The character of Alice from Lewis Carroll’s Alice in Wonderland is wonderfully iconic. When Lewis Carroll wrote Alice’s Adventures in Wonderland and Through the Looking-Glass, most literature of the time depicted children in a very mannered, unrealistic, and subservient way. At the time, it was very radical to have a child heroine who knew her own mind, would talk back to crazy authority figures, and was capable of addressing problems cleverly as they arose in her adventures. Because of the fantastical nature of Lewis Carroll’s storytelling, it might seem odd to describe his depiction of Alice as more realistic, but Alice is a fully actualized character. A strong female character who can take care of herself. Children of the time adored Lewis Carroll’s writing and he was definitely very successful as a writer within his lifetime.
Some people believe that Alice Pleasance Liddell, the daughter of one of his coworkers in academia, (and whose governess Lewis Carroll was rumored to be banging) was the model for Alice. The author himself always said that Alice is not based on any one specific little girl. He did get her name from Alice Liddell, as he told her and her sisters an early version of Alice’s Adventures and was encouraged by Alice Liddell to write them down. Lewis Carroll was, in addition to being a famous author and an academic, a scenester photographer of the Gilded Age. His portraits of Alice Liddell show her as dark-haired, with a pixie face, and an intelligent but perhaps insolent gaze.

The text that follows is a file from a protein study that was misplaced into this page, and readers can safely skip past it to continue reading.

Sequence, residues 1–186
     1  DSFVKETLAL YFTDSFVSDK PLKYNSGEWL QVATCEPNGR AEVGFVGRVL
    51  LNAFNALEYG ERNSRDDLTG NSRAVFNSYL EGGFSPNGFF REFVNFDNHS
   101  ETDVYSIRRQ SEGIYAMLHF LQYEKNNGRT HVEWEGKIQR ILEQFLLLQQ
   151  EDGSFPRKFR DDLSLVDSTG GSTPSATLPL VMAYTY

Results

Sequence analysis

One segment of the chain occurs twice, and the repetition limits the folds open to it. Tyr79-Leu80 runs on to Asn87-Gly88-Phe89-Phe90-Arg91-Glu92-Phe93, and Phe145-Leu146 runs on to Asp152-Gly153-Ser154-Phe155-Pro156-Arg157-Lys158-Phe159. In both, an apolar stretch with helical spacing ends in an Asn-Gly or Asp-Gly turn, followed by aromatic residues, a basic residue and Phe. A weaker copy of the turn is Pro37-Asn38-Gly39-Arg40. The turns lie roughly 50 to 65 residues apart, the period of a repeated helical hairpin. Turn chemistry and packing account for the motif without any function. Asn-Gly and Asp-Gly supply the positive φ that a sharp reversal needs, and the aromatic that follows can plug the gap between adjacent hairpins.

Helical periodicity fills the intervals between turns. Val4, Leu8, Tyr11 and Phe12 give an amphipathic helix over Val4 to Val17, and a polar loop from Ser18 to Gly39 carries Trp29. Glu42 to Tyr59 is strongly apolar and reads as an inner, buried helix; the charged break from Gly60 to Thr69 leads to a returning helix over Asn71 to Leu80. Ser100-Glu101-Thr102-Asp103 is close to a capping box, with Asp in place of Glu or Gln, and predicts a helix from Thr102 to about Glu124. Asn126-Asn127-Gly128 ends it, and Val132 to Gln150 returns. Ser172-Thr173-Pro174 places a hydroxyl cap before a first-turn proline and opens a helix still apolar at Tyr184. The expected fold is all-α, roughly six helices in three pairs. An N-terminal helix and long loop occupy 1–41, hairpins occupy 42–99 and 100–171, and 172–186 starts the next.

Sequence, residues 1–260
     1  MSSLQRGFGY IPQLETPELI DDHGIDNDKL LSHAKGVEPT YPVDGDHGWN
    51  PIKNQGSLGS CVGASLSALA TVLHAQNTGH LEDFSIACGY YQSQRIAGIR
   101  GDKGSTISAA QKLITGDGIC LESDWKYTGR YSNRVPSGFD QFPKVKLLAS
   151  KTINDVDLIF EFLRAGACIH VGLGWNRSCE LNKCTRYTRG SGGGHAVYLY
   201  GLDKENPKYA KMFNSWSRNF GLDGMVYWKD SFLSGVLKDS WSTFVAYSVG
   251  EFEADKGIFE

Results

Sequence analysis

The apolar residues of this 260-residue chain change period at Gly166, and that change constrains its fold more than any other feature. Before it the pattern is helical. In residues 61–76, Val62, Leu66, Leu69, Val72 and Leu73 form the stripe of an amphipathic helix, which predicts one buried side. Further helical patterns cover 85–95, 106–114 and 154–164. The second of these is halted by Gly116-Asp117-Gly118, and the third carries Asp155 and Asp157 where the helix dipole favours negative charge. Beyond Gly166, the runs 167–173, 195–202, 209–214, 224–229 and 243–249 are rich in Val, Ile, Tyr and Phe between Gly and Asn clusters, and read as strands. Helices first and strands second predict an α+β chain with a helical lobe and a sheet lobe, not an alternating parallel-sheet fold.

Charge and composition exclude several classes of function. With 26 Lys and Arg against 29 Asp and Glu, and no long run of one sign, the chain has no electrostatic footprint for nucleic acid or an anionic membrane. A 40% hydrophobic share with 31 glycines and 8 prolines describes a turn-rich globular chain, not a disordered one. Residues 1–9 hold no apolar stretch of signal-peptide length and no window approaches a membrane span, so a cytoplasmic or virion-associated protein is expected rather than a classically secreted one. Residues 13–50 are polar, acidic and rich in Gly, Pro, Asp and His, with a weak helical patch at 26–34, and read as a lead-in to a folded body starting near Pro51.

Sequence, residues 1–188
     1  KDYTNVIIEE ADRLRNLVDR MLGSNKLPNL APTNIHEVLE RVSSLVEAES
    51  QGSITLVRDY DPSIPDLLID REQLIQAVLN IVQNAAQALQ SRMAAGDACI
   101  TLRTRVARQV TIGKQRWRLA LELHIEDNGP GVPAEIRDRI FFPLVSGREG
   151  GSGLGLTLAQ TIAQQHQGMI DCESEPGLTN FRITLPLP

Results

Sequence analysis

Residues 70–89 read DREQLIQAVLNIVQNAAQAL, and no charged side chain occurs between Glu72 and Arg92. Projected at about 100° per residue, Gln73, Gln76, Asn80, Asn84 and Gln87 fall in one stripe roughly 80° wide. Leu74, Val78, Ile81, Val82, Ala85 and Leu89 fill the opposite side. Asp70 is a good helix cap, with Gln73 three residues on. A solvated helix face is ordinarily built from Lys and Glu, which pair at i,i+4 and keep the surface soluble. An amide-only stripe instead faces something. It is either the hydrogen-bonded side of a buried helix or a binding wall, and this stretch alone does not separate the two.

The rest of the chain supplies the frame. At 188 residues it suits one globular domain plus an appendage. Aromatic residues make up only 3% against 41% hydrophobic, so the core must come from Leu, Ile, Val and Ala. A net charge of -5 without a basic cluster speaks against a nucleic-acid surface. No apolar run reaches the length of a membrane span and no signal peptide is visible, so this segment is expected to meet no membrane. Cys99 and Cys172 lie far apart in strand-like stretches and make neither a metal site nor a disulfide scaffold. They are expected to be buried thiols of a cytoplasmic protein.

Although Lewis Carroll did a series of drawings for his initial drafts of the Alice stories, he ultimately hired professional illustrator John Tenniel to illustrate the published works. Some art historians feel that John Tenniel just had a sort of almost templated nice middle class girl design which he used for Alice. John Tenniel was wildly successful as an artist. He was on salary for the same magazine for fifty years and was the first illustrator ever to be knighted in the United Kingdom. So, while he was no slouch, his drawings of Alice are probably still his most well known works today, due to the enduring popularity of the Alice stories and thus accompanying iconography. Over the years, art nouveau artists to Disney have reinterpreted the Alice semiotics.
An interpretation which I particularly like is Heavy Red’s series of Alice Halloween costumes. (They offer super fast shipping in both the USA and internationally, so you’ve got time to be Alice this year.) Maybe I just subscribe to the theory that every day is Halloween, but I think Heavy Red’s Alice outfits make for lovely regular wear. Each Fall, the Alice look is re-imagined again with different gothic flair by designer Tyler Ondine Whitman (who I interviewed some years back). Because the iconography of Alice is so timelessly appealing, this look is always a winner. I especially like the Alice en Bataille couture that Heavy Red came up with this year. While still keeping to the Alice vibe, the scalloped black waistcoat and gloves give it that extra warrior princess appeal, which is always helpful if you have to battle the Red Queen. The feminine power implied by these Heavy Red designs is very in keeping with Lewis Carroll’s enduring creation.